So what’s this then?
If you’re thinking it’s just a abstract graph of some kind, well you’re not quite correct.
Nor is it my new logo!
Neither is it an abstract representation of the readers of this blog.
Well if you’re thinking it must be some kind of mobile phone barcode then you’re going down the right path.
I mentioned QR codes on this blog ages ago… back in September 2007 as it happens and this is not a QR code, but it works in a similar fashion.
It’s a Microsoft Tag.
Yes Microsoft have developed their own version of mobile phone barcodes, which require their reader and require you to register in order to create them.
It’s all very typical Microsoft.
You can download a reader for your phone from gettag.mobi and when I did from my Nokia N73 it recogised my phone and I downloaded a .sis file which installed the application onto my phone.
In order to create a barcode (or should I say tag) you need to register and have a Microsoft Live ID.
You can then create a barcode for an URL or text. Though I did see that if you include an URL in your text, when you read the barcode, the reader takes you straight to the URL and you never see the text. So no chance of including your blog address in some biographical text for example. You can have a thousand characters in your text barcode, but I found I needed less for it to work (about 980).
There are only three options for the barcodes in terms of format, pdf, wmf and xps. You can specify the size of the code in terms of inches (no metric measurements here).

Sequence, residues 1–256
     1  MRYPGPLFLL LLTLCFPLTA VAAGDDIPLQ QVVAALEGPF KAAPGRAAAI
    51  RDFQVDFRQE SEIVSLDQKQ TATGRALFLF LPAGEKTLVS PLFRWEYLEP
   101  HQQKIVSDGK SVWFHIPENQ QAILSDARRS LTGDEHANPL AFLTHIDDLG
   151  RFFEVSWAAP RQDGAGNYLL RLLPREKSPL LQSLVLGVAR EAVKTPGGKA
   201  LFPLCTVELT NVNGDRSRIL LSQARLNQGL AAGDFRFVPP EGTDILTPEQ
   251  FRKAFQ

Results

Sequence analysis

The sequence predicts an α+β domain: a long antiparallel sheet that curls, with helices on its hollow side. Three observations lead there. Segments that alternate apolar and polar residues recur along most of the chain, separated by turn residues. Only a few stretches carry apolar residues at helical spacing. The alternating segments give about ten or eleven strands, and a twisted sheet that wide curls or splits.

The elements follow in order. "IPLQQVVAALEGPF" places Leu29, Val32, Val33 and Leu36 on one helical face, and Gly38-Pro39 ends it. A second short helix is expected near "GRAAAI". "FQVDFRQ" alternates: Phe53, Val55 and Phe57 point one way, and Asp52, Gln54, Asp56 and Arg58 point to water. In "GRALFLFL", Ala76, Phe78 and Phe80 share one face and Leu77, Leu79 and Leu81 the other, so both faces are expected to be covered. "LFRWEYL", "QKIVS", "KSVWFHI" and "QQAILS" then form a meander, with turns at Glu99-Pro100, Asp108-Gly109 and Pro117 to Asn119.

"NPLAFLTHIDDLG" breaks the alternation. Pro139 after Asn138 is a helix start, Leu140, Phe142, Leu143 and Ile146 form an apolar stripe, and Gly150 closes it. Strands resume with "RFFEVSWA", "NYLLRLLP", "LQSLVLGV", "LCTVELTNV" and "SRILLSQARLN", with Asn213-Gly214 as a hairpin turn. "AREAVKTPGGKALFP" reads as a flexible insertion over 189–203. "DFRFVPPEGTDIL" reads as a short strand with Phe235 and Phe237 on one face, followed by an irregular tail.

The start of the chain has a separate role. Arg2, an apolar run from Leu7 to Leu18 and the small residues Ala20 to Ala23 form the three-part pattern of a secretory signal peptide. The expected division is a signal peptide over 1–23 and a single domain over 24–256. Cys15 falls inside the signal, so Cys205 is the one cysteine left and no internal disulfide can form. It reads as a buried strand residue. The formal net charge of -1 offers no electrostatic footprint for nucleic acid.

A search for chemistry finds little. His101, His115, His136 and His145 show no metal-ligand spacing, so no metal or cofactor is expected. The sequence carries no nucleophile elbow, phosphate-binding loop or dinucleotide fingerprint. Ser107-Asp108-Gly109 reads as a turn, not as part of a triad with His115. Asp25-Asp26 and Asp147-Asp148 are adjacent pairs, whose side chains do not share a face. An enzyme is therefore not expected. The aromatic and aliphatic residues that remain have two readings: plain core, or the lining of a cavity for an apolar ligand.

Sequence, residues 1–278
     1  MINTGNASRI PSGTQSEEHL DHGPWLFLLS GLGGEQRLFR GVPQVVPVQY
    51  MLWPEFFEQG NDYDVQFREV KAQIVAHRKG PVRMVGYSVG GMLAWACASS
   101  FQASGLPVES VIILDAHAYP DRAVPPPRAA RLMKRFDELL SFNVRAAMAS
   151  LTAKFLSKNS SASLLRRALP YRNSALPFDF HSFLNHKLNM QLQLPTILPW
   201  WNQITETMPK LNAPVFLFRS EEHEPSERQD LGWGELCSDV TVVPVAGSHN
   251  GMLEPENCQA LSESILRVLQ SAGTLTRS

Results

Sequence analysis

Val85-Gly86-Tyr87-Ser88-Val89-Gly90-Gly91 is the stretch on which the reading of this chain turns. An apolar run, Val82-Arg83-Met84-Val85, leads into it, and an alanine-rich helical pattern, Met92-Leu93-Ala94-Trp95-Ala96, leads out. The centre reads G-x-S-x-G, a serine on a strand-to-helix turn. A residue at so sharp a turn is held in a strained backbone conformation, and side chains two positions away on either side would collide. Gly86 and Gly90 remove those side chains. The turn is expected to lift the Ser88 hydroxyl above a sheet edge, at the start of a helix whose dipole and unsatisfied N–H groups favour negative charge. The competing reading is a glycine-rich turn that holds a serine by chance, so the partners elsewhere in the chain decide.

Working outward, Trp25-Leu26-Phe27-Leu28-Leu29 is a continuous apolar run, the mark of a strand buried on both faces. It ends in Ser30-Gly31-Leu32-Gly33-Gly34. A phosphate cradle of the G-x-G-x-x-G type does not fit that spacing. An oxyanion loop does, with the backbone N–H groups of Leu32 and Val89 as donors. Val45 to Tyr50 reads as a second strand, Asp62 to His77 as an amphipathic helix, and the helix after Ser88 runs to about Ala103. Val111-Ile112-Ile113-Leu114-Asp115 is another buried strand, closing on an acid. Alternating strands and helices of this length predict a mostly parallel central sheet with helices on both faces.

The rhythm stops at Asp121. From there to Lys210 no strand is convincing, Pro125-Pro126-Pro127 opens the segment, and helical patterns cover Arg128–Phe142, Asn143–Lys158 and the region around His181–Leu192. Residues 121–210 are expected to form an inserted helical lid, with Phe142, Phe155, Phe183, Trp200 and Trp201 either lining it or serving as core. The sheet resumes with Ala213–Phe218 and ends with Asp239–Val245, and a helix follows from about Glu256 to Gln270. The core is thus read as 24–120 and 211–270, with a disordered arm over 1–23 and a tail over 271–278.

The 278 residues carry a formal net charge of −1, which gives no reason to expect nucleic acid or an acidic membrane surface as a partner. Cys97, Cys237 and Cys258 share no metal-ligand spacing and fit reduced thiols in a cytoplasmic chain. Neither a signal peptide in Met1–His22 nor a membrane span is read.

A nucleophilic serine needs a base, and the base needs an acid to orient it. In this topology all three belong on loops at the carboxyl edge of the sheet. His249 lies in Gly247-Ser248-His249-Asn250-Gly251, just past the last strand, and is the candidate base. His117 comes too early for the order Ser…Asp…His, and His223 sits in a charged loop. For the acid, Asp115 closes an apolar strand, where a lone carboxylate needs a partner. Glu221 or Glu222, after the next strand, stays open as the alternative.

There are no web versions available, and on a superficial level you can understand that, why would you need an online version of a mobile phone barcode, just use the computer to access the site.
It did appear to work faster than my Kaywa reader and goes direct to the website rather than through the advertising supported Kaywa site that happens to me when I use a QR Code.
Overall I am not sure about this, not sure if it will catch on or whether we should stick with QR Codes.
Nah, stick with QR Codes.
6 thoughts on “A new kind of barcode….”
Definitely James. Why has Microsoft put so many barriers up to use this code I wonder?! QR, Shotcode, Blotcodes or any other codes are much more fun and are free!!
I actually prefer the Quickmark reader to Kaywa, and it doesn’t have any advertising, as far as I can tell. You’ve put me off the Microsoft tag, so thanks for the insight! I’m with Di on this one. Any other votes?
I happened to write a blog entry about this just about the same time (internal blog only so I can’t link to it) – my conclusion is that it works very well in my tests, was very simple to get started on the phone and to create codes, I like the logging/reporting which is built in too. By all accounts, they can be printed much smaller and still work than the other type of codes, and IMHO they look ‘cooler’ too. The only downside I see is that they require printing in colour which might add to costs if the media they were to be used on would usually be b/w.
…just to emphasise how effective these tags are even at very small sizes, my phone can easily read the sample tag on the screen shot image too, as well as the one on the phone screen in the same image (which is at an angle). To clarify for Lilian soon too, this doesn’t include any advertising, although MS do say it’s in beta, and may not be free in the future. They do commit to it remaining free for at least 2 years after they advise it won’t be free if that does change. MS created and started using the technology behind this a few years ago – the new part is this application to the mobile world.